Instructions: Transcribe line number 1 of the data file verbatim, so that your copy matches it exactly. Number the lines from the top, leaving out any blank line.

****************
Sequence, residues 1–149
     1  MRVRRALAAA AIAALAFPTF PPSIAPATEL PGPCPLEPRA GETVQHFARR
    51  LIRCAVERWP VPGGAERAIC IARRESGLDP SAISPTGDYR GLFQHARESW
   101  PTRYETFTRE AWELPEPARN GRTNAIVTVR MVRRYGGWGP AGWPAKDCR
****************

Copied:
Sequence, residues 1–149